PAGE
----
The portion of a Class C motorhome which overhangs the driver and navigator seats.
The Cargo Carrying Capacity (CCC) is the maximum permissible weight of personal belongings that can be added. CCC is equal or less than GVWR minus UVW, full fresh water weight, and full LP gas weight.
The frame plus the "running gear" like engine, transmission, driveshaft, differential, and suspension. A body (sometimes referred to as "coachwork"), which is usually not necessary for integrity of the structure, is built on the chassis to complete the RV.
The Class A motorhome, also commonly referred to as the conventional motorhome, is the largest, most luxurious of the motorized RVs - a virtual "home-away from-home" on wheels, fully loaded and equipped for short trips, lengthy vacations and fulltiming. The Class A is entirely constructed on a bare, specially designed motor vehicle chassis.
Also commonly referred to as the van camper, the Class B motorhome is a passenger van that has been customized to include temporary sleeping, eating and bathroom facilities.
The class C motorhome, sometimes referred to as a mini-motorhome, provides the conveniences of a larger motorhome in a scaled-down version and at a lower price. The Class C is built on an automotive manufactured van frame with an attached cab section.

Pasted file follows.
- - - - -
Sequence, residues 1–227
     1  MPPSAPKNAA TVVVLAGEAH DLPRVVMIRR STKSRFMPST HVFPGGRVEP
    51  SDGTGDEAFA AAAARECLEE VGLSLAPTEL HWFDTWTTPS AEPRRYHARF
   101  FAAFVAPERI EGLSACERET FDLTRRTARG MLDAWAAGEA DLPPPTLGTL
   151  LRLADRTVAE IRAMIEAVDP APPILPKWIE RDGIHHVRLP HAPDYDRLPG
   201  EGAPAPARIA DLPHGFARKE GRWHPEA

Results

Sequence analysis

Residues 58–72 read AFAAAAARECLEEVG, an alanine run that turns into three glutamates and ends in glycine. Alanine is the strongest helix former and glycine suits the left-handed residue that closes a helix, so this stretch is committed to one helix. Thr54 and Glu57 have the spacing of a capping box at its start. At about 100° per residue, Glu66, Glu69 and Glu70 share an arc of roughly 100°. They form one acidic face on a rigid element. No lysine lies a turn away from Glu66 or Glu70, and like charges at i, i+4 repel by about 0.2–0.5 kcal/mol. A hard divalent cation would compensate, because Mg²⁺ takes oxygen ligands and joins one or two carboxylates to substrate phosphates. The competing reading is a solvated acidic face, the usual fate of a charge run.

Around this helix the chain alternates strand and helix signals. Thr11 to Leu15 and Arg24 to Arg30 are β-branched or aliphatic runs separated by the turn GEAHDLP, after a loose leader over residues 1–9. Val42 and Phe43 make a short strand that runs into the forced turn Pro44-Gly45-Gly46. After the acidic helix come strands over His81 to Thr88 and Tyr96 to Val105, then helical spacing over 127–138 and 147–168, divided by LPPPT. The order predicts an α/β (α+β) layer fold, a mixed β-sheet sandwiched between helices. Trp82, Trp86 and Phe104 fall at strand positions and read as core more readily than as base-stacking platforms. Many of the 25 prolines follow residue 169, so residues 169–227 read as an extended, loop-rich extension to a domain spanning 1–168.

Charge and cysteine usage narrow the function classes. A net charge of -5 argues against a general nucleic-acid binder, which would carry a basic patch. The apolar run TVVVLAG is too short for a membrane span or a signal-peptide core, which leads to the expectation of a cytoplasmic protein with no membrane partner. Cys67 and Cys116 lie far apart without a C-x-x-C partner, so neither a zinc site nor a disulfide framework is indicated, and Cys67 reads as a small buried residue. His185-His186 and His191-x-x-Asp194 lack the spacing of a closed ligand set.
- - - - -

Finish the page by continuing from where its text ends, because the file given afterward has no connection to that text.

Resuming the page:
The result of warm moisture-laden air contacting cold window glass. Keeping a roof vent open helps to reduce the humidity levels.
A converter is device that converts 120 volt A/C (alternating current) to 12 volt DC (direct current). The RV devices mostly run on 12 volt DC power that is supplied by the battery, which allows the RV to function independently. When "shore power" (an electrical supply) is available, the converter changes the voltage from 120 to 12 volt to supply the appliances and to recharge the battery.
Curb Weight (CW); also known as Net Weight. The weight of the RV as it is sitting on the lot, without the personal load you will be adding.